Can people rise above their own harsh realities to live good lives in concert with each other? James Merner, did you in the end?
The commissar reports “frightful irregularities” next day.
I sense your desperation, your dashed hopes, your terror, your utter despair as I tourist in this same room. I brew up tea and update my bird list. Outside the evening light is golden over the other convict buildings of mixed stone and brick. I read on the information on the wall that after being refused reprieve you escaped the island on a bark canoe, were apprehended and then imprisoned with hard labour in the Hulk chain gang for a year as punishment. Tiers of bunks with separating battens were erected later so each convict could be confined safely at night. The Island seems hushed and still as if remembering its grim past. I consider my own minor acts of lawbreaking and bending the rules and thank my lucky stars that I didn’t live 190 years ago in England.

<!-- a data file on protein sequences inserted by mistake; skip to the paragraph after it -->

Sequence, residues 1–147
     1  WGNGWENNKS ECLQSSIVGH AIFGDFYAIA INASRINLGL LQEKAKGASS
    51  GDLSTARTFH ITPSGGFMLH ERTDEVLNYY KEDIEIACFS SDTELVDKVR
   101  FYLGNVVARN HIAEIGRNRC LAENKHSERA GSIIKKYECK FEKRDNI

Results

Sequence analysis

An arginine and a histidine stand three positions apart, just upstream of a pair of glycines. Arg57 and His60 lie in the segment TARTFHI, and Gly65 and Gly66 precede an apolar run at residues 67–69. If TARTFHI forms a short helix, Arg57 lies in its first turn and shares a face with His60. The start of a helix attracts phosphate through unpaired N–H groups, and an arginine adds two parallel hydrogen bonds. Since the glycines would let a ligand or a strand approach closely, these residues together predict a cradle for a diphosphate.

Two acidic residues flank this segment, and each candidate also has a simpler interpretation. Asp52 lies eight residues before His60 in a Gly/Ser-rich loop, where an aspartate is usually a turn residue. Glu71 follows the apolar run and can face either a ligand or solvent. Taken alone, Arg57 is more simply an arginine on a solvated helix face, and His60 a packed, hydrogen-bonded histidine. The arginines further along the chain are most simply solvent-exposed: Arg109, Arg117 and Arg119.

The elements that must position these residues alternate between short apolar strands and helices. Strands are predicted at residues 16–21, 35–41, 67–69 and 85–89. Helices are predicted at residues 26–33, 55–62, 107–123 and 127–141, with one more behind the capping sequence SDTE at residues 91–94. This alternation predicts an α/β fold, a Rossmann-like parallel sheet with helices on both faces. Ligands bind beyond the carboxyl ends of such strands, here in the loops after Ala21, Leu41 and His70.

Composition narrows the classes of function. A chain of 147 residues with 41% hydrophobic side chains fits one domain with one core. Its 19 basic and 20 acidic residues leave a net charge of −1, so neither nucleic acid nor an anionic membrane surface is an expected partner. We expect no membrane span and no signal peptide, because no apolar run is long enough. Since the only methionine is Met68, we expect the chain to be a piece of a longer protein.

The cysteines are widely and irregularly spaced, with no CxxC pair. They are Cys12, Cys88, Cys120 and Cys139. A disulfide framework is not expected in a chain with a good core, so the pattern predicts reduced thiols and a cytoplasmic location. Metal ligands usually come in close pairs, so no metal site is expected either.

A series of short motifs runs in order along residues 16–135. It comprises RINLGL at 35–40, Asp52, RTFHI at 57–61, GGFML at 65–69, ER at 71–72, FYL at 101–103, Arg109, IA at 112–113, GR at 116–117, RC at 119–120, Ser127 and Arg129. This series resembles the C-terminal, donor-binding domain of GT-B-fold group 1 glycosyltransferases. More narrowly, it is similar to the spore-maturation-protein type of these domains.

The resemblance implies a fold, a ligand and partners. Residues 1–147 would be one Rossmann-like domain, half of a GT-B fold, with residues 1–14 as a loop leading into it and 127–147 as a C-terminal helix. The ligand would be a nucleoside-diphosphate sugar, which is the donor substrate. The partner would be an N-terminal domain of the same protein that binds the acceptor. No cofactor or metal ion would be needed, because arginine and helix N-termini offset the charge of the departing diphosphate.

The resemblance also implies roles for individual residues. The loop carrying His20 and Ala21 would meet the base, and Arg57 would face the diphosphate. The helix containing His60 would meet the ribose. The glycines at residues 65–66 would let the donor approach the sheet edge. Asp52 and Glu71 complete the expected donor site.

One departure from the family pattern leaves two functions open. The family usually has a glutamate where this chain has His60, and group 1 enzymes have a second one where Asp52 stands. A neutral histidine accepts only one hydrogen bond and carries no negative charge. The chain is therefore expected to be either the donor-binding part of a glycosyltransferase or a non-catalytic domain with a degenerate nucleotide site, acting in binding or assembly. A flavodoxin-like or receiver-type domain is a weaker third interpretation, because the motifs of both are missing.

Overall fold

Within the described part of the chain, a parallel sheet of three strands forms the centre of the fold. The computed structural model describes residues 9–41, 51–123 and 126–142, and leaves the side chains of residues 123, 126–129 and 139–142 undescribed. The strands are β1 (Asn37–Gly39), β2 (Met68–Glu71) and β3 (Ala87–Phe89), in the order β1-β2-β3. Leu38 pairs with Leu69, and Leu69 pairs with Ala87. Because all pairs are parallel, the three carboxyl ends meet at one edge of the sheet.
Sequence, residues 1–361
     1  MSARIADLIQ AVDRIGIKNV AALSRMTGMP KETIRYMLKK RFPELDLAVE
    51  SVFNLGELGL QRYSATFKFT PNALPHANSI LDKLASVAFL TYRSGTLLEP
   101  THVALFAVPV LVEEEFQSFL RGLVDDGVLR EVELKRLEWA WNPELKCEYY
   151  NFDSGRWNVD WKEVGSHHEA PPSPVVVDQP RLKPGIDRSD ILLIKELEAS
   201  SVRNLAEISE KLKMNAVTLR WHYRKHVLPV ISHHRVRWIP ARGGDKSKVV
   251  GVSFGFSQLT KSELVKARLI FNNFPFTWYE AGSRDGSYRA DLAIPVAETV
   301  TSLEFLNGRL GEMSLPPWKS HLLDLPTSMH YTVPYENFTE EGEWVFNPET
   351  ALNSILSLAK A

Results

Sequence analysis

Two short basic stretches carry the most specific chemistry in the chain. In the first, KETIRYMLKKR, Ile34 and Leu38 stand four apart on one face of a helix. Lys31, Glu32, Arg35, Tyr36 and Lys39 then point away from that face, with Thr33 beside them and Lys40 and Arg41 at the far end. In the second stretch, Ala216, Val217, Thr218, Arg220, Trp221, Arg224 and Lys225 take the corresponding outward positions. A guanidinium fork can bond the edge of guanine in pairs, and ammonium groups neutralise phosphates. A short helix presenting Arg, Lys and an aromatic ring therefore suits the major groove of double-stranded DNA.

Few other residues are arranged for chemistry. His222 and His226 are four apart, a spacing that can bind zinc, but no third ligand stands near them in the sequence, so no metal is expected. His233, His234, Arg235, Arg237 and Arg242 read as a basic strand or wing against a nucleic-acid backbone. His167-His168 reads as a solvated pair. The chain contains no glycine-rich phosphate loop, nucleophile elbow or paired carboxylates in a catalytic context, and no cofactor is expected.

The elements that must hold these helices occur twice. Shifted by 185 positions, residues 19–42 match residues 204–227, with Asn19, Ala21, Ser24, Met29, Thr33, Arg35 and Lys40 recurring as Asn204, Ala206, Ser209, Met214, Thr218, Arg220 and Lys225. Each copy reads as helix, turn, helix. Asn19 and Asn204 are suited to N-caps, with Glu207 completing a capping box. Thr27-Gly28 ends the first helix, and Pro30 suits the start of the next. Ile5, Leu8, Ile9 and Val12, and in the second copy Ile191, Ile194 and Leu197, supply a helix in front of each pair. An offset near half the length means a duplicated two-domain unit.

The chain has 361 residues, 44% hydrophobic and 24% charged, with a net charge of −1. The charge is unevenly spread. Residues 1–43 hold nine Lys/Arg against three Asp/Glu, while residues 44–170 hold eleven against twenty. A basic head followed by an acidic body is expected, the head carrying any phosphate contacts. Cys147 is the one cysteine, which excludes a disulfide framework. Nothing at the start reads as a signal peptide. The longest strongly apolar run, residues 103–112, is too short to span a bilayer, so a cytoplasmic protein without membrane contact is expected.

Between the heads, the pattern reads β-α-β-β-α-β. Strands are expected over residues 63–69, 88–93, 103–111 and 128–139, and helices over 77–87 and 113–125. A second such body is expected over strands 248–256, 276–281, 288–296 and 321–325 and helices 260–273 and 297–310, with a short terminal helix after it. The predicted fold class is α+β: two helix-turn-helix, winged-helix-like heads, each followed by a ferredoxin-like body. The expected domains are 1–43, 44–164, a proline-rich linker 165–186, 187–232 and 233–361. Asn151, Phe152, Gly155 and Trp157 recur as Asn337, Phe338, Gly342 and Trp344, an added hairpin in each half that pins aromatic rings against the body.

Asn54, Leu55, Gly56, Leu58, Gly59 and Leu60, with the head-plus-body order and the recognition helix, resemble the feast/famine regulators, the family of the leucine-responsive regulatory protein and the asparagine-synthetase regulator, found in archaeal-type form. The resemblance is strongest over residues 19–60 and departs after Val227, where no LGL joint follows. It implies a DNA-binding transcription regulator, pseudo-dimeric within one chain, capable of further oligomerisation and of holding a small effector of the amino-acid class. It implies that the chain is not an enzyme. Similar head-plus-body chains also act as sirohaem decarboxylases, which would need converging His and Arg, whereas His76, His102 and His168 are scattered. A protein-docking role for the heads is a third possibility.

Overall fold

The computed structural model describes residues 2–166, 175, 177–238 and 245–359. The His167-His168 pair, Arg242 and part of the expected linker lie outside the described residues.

James Merner, your story here disturbs part of my world view as I tremble into the possible past. A cool breeze comes through the open window. Scuffling outside now in the dark. My hand cold against the wall. A devil screeches close by. I don’t know if you were an honourable man or a scoundrel that got his just deserts for deeds done. But I sense your pain and anger and desperate despair. I marvel that you could live through it all. I’ve had the view that our troubles to each of us are equal. That we all feel despair and pain and we have to honour this in each other. That even now people do unspeakable things to each other, parents to children, men to women, like to like. Do we have an innate capability to inflict violence on each other or do people reflect what they are surrounded by? Motorcycle gangs attired in black, emblazoned with skulls ride our streets armed, shooting at houses and each other? School kids and adolescents can be very cruel to each other. We all feel the effects of these things deeply. In some realms there’s an epidemic of despair among young people. I know I’ve been instrumental in preventing two youth suicides but also had another young person in my pastoral care group end their life just out of college. But now James Merner you’re showing me through the wall that we are not all equal in our darknesses. I imagine battens across the bunk bed in the gloom. Sleep again, finally.